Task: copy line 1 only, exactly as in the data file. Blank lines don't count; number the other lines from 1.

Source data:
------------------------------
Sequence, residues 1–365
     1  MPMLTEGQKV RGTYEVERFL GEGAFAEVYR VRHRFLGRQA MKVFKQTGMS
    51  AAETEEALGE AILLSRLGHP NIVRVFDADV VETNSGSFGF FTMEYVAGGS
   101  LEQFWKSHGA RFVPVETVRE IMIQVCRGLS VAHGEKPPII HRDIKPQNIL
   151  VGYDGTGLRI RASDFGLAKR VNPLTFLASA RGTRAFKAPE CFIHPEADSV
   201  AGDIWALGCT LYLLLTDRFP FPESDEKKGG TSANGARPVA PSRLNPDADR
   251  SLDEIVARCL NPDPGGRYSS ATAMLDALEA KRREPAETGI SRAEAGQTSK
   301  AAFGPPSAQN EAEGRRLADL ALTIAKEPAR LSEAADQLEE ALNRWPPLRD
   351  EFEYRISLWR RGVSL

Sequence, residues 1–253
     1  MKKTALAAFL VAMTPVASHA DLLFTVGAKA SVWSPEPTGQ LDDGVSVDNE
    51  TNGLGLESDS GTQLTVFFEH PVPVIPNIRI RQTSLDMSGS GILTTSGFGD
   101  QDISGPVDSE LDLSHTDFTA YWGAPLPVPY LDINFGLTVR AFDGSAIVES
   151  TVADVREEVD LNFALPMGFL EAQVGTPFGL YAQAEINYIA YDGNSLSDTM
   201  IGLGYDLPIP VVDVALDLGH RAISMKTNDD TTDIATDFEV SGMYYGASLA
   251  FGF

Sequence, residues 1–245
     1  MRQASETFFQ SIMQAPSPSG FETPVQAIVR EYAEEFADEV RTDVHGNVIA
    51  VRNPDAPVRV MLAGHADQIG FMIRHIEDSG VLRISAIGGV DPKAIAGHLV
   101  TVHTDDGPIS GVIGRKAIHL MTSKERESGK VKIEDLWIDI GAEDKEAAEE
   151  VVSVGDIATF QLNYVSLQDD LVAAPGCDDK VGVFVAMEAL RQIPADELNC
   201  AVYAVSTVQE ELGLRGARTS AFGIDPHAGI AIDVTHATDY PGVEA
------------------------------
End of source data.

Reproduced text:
Sequence, residues 1–365